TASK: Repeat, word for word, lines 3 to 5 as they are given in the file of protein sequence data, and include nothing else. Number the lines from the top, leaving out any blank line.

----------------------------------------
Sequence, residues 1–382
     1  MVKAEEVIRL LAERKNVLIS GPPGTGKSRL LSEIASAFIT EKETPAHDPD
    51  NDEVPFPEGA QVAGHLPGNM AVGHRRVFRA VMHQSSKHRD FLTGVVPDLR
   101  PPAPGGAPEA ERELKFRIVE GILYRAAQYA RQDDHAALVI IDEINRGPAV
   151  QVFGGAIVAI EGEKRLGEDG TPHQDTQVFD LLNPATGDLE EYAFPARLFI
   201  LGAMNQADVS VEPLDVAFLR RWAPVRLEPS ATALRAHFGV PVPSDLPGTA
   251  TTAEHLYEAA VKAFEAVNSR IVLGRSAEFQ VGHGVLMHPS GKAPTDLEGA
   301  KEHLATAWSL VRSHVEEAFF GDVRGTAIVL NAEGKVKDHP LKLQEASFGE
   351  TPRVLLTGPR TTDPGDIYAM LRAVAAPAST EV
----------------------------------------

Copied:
    51  NDEVPFPEGA QVAGHLPGNM AVGHRRVFRA VMHQSSKHRD FLTGVVPDLR
   101  PPAPGGAPEA ERELKFRIVE GILYRAAQYA RQDDHAALVI IDEINRGPAV
   151  QVFGGAIVAI EGEKRLGEDG TPHQDTQVFD LLNPATGDLE EYAFPARLFI